TUESDAY HITTIN IT OUT OF THE PARK AS USUAL
“Anger is NOT counterproductive; being “nice” is counterproductive.”
I don’t understand how so many people can say, “yeah, but it was her fault because of the drugs.” How can you not have any empathy for someone with an addiction problem? Actually, it must be pretty easy to say that if you’ve never seen someone you love or respect struggle with that, but if you…
Substance.abuse disorder is a mental illness. I don’t know what to say beyond asking people to take a step back and have a think before jumping to place blame in this situation. A young woman has died. She was ill. It is terribly sad.
I’ve been sober and drug-free for about a year and a half. My personal sobriety is something that’s really important to me, but I really don’t care if you drink/smoke/use drugs (although I get super uncomfortable if people are intoxicated around me, especially straight men, especially in safer spaces). Although I’ve identified as straight edge in the past, I’m torn about continuing doing so. Straight edge culture is fucking stupid. Most people who claim edge are straight white rich boys who have never had to deal with the pressures and oppression that frequently drive people to use in the first place. The “kill your local drug dealer” mentality does nothing to address the root causes of drug use. Straight edge, as practiced by most of its adherents, is just another way to wave around one’s class privilege. I’ve never been in a financial position where I’ve needed to sell drugs to get by, or felt that my situation was so bad that I needed drugs to cope. That’s a fucking privilege, and it’s not true for a lot of people.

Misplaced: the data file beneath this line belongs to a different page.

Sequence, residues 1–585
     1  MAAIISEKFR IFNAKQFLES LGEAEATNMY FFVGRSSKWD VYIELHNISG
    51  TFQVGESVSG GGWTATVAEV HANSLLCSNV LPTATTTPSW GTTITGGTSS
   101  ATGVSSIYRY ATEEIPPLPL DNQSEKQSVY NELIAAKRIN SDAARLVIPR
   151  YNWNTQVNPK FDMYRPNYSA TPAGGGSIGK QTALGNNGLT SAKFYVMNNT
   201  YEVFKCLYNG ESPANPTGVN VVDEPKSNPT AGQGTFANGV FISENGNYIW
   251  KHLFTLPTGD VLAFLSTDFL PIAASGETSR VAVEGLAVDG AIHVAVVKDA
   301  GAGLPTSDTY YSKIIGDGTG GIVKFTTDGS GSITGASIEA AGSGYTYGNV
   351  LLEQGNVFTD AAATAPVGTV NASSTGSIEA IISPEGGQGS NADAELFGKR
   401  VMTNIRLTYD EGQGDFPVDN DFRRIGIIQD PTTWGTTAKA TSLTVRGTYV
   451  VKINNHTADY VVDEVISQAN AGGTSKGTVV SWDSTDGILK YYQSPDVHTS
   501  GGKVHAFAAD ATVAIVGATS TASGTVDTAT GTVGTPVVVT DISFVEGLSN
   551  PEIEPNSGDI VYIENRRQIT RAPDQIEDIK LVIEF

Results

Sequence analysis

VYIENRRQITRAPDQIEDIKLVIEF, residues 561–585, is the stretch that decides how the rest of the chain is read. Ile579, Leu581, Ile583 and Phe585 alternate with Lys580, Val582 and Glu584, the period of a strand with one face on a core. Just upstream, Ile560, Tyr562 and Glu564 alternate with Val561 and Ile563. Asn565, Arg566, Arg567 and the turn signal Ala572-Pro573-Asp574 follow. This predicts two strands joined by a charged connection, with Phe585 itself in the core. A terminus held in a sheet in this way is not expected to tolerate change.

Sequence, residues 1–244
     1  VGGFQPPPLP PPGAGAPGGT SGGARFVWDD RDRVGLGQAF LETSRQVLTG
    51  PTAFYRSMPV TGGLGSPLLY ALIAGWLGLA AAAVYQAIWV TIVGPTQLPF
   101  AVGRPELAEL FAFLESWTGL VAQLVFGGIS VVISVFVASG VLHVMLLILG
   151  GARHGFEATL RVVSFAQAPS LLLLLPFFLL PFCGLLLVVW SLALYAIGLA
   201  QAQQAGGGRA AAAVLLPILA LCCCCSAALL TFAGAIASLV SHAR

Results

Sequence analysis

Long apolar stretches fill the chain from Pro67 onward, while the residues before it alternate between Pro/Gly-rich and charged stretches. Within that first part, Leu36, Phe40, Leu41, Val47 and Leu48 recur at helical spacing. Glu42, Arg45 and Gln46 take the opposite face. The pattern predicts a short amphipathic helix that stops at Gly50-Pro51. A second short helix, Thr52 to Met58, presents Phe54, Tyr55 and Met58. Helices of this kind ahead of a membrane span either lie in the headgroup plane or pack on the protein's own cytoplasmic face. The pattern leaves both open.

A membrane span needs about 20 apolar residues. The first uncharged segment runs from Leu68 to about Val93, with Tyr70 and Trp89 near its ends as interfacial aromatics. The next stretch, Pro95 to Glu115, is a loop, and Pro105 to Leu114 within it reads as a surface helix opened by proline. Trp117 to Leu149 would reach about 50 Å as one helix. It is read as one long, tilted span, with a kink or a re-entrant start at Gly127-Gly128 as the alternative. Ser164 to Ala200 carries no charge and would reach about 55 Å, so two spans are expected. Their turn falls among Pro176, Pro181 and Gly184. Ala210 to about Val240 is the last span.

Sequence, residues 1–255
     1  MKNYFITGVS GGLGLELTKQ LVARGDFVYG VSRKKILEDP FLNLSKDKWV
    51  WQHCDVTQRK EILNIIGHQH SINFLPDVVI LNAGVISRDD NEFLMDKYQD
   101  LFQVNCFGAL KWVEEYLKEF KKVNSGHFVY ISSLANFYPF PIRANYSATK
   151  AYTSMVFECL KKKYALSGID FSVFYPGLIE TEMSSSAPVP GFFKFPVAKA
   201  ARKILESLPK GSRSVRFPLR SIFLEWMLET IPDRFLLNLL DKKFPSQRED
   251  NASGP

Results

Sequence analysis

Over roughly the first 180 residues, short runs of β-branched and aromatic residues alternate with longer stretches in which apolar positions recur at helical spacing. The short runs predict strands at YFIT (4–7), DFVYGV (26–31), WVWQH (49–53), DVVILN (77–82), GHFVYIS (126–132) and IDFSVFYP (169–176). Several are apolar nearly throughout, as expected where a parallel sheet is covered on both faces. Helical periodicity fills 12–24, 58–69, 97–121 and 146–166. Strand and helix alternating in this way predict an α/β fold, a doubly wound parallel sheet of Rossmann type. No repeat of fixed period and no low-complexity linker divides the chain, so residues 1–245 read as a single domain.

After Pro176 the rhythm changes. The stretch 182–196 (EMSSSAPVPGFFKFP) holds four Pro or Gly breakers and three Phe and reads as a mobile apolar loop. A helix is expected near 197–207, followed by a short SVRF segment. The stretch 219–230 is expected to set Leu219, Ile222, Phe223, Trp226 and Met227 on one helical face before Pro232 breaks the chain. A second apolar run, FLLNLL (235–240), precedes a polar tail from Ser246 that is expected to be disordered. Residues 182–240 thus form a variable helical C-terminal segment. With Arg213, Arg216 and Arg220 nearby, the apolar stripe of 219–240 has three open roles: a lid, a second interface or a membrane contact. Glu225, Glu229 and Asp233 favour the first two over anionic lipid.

From the time I quit using substances until I moved away from Vermont, straight edge was really important to me. When I lived on a farm 2 hours away from any friends and I was the only one in the house who didn’t drink or get high on a regular basis, that straight edge identity helped me pull through and not cave in. When I lived in a rural town of 1200 people and I sat alone in my room on weekends because all my friends were getting wasted, straight edge kept me strong. If I hadn’t set up that fear of being shamed for “breaking edge” (you know the rhetoric - “it’s a life-long commitment!”), I’d probably still be using.